LATEST VERSION: 1.9 - CHANGELOG
MySQL for PCF v1.9

Monitoring the MySQL Service

This document describes the metrics that are produced by MySQL for PCF, and everything you need to know about the Replication Canary. For information about the Interruptor, please see the Troubleshooting topic.

Metrics

MySQL emits a number of metrics that can be used to monitor the health and performance of the MySQL deployment. The PCF firehose exposes these metrics.

The metrics polling interval defaults to 30 seconds. This can be changed by navigating to the Advanced Options configuration pane and entering a new value in Metrics polling interval (min: 10).

Metrics Polling Interval

Third-party monitoring tools can consume MySQL for PCF’s metrics via a nozzle to monitor MySQL performance and health. For an example Datadog configuration that displays some of the significant metrics outlined below, see the CF Redis and MySQL example dashboards. Pivotal does not endorse or provide support for any third party solution.

MySQL-Specific Metrics

Data Source Description Metric Unit
/p-mysql/available Indicates if the local database server is available and responding. boolean
/p-mysql/innodb/buffer_pool_free The number of free pages in the InnoDB Buffer Pool. pages
/p-mysql/innodb/buffer_pool_total The total number of pages in the InnoDB Buffer Pool. pages
/p-mysql/innodb/buffer_pool_used The number of used pages in the InnoDB Buffer Pool. pages
/p-mysql/innodb/buffer_pool_utilization The utilization of the InnoDB Buffer Pool. fraction
/p-mysql/innodb/current_row_locks The number of current row locks. locks
/p-mysql/innodb/data_reads The rate of data reads. reads/second
/p-mysql/innodb/data_writes The rate of data writes. writes/second
/p-mysql/innodb/mutex_os_waits The rate of mutex OS waits. events/second
/p-mysql/innodb/mutex_spin_rounds The rate of mutex spin rounds. events/second
/p-mysql/innodb/mutex_spin_waits The rate of mutex spin waits. events/second
/p-mysql/innodb/os_log_fsyncs The rate of fsync writes to the log file. writes/second
/p-mysql/innodb/row_lock_time Time spent in acquiring row locks. milliseconds
/p-mysql/innodb/row_lock_waits The number of times per second a row lock had to be waited for. events/second
/p-mysql/net/connections The rate of connections to the server. connection/second
/p-mysql/net/max_connections The maximum number of connections that have been in use simultaneously since the server started. connections
/p-mysql/performance/com_delete The rate of delete statements. queries/second
/p-mysql/performance/com_delete_multi The rate of delete-multi statements. queries/second
/p-mysql/performance/com_insert The rate of insert statements. query/second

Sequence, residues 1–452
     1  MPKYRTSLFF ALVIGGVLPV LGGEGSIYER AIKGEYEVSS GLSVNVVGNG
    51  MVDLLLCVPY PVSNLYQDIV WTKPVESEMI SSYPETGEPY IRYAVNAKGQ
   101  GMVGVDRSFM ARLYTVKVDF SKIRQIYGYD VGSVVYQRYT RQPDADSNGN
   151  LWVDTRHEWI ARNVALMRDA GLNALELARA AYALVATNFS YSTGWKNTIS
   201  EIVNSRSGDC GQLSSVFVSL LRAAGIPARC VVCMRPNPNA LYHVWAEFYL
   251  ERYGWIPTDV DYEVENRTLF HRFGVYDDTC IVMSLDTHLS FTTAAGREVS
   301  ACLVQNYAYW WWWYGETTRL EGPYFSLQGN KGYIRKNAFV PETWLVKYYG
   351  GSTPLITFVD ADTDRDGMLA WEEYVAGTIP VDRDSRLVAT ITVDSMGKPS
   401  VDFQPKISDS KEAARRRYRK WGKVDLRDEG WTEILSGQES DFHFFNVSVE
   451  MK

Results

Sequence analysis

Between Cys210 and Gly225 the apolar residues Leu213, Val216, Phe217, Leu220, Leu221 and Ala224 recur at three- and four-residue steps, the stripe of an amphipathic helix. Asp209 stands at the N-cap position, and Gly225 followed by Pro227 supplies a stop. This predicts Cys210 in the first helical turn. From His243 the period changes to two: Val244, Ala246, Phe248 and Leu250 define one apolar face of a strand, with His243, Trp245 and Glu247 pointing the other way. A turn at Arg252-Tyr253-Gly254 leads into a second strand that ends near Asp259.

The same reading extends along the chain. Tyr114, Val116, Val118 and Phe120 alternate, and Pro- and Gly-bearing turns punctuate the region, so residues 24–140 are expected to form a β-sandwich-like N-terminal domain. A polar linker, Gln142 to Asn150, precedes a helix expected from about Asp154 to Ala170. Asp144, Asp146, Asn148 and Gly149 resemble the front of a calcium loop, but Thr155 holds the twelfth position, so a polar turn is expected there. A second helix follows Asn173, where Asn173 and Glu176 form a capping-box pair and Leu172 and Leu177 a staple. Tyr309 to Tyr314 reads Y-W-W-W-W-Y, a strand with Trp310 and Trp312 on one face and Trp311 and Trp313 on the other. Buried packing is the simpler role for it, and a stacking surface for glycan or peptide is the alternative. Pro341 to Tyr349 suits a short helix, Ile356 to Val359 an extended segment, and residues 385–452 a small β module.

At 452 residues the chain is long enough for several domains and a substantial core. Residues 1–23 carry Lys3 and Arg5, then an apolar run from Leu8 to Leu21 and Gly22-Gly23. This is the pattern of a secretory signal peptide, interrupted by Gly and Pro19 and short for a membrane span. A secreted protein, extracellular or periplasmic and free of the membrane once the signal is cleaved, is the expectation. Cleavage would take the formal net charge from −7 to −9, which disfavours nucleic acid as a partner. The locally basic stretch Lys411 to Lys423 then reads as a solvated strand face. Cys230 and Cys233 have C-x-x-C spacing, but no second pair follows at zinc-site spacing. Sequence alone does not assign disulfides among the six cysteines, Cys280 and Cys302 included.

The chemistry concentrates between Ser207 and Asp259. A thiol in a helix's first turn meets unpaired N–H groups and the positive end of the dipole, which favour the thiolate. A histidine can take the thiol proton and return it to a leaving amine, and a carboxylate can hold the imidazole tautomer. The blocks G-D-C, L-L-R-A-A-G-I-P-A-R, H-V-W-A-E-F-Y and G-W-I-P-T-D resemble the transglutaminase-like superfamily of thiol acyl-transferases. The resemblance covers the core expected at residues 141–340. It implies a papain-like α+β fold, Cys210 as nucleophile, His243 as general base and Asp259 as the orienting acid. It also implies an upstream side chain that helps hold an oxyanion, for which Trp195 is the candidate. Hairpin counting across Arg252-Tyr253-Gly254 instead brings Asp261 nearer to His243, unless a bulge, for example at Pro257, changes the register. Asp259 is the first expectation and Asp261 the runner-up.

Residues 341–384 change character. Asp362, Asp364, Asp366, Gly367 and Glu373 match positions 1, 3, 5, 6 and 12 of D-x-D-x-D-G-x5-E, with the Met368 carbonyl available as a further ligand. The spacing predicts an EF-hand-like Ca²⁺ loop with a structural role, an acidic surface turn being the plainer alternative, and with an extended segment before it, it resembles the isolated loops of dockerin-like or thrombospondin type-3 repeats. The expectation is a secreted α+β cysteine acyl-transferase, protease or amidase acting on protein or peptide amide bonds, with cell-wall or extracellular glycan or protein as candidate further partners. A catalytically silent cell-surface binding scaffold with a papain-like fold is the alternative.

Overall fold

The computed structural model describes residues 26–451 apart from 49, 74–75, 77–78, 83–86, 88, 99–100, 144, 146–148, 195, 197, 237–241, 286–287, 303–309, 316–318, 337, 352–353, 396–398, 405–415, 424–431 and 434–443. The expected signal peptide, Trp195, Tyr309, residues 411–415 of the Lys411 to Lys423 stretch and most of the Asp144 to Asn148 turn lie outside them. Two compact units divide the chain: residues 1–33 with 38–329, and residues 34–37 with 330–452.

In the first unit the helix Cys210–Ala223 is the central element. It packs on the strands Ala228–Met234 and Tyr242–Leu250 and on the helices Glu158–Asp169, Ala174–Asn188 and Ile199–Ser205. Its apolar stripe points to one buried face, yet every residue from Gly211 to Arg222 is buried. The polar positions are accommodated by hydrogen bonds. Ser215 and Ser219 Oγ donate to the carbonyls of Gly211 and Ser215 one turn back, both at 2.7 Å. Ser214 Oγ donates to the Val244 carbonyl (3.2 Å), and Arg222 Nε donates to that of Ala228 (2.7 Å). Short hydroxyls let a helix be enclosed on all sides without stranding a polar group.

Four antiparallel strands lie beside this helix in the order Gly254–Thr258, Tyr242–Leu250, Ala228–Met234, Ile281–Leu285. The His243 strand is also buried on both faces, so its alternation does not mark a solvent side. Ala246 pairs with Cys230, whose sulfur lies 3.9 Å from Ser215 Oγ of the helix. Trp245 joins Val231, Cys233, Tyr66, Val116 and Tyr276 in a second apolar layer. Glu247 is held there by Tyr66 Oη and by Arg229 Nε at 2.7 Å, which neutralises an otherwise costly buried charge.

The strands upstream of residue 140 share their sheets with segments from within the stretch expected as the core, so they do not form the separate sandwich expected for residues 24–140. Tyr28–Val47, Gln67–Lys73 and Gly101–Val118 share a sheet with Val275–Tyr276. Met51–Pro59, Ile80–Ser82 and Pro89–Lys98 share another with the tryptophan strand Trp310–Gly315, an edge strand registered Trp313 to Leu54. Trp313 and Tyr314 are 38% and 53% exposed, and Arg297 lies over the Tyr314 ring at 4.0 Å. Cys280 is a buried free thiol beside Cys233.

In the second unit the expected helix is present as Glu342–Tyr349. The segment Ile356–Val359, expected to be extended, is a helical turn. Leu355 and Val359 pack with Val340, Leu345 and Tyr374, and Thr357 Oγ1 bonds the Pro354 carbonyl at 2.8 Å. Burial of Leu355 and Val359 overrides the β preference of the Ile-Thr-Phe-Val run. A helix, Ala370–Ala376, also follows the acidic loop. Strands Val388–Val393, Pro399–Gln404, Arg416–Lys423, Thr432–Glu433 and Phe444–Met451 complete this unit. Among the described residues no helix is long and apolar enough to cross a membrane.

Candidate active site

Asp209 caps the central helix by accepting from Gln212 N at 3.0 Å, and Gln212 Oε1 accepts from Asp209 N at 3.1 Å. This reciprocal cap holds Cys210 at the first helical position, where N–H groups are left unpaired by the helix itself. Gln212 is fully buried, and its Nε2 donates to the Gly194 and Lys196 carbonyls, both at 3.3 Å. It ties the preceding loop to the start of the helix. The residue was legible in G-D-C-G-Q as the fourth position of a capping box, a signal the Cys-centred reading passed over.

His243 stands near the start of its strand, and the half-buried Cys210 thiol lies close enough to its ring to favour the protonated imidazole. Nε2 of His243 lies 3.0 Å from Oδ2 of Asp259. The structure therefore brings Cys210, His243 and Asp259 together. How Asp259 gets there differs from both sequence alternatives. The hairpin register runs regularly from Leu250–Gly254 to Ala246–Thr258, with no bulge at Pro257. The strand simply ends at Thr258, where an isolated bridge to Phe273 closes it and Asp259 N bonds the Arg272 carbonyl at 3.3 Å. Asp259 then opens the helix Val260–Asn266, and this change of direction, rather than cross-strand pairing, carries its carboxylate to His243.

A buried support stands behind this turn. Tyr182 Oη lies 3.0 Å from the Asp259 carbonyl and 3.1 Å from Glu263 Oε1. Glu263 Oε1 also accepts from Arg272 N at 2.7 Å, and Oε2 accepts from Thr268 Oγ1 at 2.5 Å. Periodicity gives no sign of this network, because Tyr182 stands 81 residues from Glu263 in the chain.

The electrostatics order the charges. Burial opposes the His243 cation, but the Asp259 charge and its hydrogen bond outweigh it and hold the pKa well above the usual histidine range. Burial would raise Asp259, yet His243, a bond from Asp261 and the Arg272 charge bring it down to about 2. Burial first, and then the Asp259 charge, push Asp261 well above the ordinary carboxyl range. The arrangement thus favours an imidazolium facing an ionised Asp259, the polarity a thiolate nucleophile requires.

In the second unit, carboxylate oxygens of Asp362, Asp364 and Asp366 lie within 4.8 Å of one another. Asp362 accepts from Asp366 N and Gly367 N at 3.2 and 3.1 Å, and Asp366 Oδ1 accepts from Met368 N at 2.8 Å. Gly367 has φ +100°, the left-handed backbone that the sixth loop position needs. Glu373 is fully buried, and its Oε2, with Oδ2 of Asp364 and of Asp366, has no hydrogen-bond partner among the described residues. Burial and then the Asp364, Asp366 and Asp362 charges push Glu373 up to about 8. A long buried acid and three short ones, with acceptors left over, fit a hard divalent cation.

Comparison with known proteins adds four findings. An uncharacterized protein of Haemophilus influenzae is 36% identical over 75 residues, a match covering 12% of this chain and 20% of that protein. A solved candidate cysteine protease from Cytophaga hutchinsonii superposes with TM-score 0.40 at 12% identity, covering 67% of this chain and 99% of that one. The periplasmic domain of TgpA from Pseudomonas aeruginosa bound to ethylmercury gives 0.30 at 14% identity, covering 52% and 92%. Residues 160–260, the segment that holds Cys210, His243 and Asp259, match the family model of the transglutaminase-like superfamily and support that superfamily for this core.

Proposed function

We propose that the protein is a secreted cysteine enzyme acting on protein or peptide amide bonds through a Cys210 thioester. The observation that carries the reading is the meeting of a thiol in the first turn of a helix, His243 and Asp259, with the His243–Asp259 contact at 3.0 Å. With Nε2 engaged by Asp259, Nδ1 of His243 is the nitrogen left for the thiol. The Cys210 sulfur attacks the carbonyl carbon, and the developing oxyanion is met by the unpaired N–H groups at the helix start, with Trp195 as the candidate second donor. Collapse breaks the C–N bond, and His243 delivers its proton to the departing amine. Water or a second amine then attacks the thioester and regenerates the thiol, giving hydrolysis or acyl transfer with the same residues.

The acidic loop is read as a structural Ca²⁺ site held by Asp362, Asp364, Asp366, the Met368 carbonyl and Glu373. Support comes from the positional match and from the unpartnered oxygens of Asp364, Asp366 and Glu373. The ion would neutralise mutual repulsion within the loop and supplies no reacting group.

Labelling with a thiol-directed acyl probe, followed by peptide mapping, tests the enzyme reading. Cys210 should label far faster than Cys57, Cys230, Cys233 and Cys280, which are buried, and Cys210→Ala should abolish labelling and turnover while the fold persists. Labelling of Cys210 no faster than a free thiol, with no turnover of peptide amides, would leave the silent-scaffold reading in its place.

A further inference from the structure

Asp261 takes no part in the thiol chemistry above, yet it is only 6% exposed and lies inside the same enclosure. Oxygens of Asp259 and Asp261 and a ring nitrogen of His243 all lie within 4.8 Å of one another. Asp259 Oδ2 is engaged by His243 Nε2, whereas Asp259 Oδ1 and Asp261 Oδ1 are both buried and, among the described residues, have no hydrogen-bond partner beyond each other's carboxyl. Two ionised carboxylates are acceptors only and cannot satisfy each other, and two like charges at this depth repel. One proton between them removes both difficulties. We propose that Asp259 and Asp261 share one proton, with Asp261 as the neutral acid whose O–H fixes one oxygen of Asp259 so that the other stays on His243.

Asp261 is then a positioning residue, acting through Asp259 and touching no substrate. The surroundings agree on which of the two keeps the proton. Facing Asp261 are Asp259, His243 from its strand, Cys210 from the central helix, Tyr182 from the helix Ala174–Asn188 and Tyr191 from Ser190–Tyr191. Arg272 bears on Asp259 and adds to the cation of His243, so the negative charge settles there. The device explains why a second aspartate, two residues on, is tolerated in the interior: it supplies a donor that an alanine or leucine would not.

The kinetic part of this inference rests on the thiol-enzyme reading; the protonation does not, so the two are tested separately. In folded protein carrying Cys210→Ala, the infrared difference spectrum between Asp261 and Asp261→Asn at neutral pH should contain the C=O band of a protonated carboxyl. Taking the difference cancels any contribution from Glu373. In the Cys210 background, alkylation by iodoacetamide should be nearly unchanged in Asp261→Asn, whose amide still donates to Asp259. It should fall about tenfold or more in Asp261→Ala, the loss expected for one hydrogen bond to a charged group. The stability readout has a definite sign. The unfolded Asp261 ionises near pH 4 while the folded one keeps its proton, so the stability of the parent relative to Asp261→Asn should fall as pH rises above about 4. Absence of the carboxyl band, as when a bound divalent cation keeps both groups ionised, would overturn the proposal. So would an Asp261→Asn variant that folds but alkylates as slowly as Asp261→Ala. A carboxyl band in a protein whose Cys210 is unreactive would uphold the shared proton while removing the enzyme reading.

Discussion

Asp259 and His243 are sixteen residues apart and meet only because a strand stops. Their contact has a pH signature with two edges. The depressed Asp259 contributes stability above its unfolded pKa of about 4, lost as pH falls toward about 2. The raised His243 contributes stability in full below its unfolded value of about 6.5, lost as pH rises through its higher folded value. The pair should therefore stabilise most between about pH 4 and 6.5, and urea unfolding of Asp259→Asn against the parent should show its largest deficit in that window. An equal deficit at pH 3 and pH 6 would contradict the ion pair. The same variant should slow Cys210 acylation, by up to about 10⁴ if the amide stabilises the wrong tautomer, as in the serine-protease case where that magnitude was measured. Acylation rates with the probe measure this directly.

/p-mysql/performance/com_insert_select The rate of insert-select statements. queries/second
/p-mysql/performance/com_replace_select The rate of replace-select statements. queries/second
/p-mysql/performance/com_select The rate of select statements. queries/second
/p-mysql/performance/com_update The rate of update statements. queries/second
/p-mysql/performance/com_update_multi The rate of update-multi. queries/second
/p-mysql/performance/created_tmp_disk_tables The rate of internal on-disk temporary tables created by second by the server while executing statements. table/second
/p-mysql/performance/created_tmp_files The rate of temporary files created by second. files/second
/p-mysql/performance/created_tmp_tables The rate of internal temporary tables created by second by the server while executing statements. tables/second
/p-mysql/performance/kernel_time Percentage of CPU time spent in kernel space by MySQL. percent
/p-mysql/performance/key_cache_utilization The key cache utilization ratio. fraction
/p-mysql/performance/open_files The number of open files. files
/p-mysql/performance/open_tables The number of of tables that are open. tables
/p-mysql/performance/qcache_hits The rate of query cache hits. hits/second
/p-mysql/performance/questions The rate of statements executed by the server. queries/second
/p-mysql/performance/slow_queries The rate of slow queries. queries/second
/p-mysql/performance/table_locks_waited The total number of times that a request for a table lock could not be granted immediately and a wait was needed. number
/p-mysql/performance/threads_connected The number of currently open connections. connections
/p-mysql/performance/threads_running The number of threads that are not sleeping. threads
/p-mysql/performance/user_time Percentage of CPU time spent in user space by MySQL. percent
/p-mysql/performance/max_connections The maximum permitted number of simultaneous client connections. integer
/p-mysql/performance/open_files_limit The number of files that the operating system permits mysqld to open. integer
/p-mysql/performance/open_tables The number of tables that are open. integer
/p-mysql/performance/opened_tables The number of tables that have been opened. integer
/p-mysql/performance/opened_table_definitions The number of .frm files that have been cached. integer

Galera-Specific Metrics

Data Source Description Metric Unit
/p-mysql/galera/wsrep_ready Shows whether the node can accept queries. boolean
/p-mysql/galera/wsrep_cluster_size The current number of nodes in the Galera cluster. node
/p-mysql/galera/wsrep_cluster_status Shows the primary status of the cluster component that the node is in. State ID.
Values are Primary = 1, Non-primary = 0, Disconnected = -1 (See: https://mariadb.com/kb/en/mariadb/galera-cluster-status-variables/)